CALL FOR FELLOWS

Seton Hall University – University Libraries (Fall 2021)

Application Deadline: July 15, 2021

Fellowship Period: Fall 2021

Background

Roman coin fellowship graphicSeton Hall University Libraries support excellence in academic and individual work, enable inquiry, foster intellectual and ethical integrity and respect for diverse points of view through user-focused services and robust collections as the intellectual and cultural heart of the University.  Walsh Gallery, based in the Library, manages the University’s museum collections, and the Library’s Data Services division assists the University community in managing and presenting their data.

One of Seton Hall University’s most distinguished collections, the D’Argenio Collection of Coins and Antiquities, includes coins of ancient Greece, the Roman Republic, the Roman Empire and Byzantium as well as a small collection of related Byzantine and Etruscan artifacts: oil lamps, game pieces, weights and terra cotta figurines. Donor Ron D’Argenio became interested in ancient coins when taking courses in Greek drama and history as an undergraduate at Fordham University in the 1970’s. In 2001, he generously donated his collection to Seton Hall University in memory of his father, Rinaldo J. D’Argenio, who served in World War II and was awarded a Bronze Star for his valor. Ron D’Argenio is a practicing attorney working in Englewood Cliffs, New Jersey. The collection is available for study and research by students and scholars.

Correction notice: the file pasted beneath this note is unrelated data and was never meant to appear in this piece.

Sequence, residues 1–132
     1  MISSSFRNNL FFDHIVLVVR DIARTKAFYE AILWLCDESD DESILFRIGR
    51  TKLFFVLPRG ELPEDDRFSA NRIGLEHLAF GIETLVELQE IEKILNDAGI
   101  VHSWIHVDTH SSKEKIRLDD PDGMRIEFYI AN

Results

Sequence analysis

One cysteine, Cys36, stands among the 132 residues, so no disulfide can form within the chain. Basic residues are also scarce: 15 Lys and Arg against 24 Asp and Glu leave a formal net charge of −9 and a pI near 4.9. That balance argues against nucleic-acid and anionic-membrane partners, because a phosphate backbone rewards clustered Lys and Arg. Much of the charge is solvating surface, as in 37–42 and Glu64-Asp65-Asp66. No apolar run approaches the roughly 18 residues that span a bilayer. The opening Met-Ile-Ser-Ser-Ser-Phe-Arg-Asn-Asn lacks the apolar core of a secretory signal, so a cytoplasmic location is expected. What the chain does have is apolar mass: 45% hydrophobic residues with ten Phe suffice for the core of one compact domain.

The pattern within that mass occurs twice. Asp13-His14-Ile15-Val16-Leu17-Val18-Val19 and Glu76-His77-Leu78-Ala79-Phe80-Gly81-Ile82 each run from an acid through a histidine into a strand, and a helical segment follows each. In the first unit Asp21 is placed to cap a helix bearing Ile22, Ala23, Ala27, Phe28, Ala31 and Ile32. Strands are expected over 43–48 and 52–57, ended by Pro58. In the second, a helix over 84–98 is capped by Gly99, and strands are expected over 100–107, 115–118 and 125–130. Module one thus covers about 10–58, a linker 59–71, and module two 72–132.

Data Services offers consultations to SHU community members assisting them with every stage of a data project from conceptualization, to choosing tools, to data analysis, to sharing results.  Find more on the tools supported here: https://library.shu.edu/data-services.

Request for Proposals

The University Libraries seeks fellowship proposals using the Ron D’Argenio Collection as the basis for projects in the following two areas:

  • Classics, Art History or History : a scholar from one of these fields, a related field or interdisciplinary scholar who would be able to analyze the collection in its historical context and add to our knowledge of the objects.
  • Data Visualization: a specialist in data visualization, who would be able to create – in conversation with the humanities scholar (above) – an interactive visual representation of the collection that would allow users to explore the objects by interpreting and presenting the data in a number of ways (see all the coins within a certain date range, or all coins from a particular region, for example).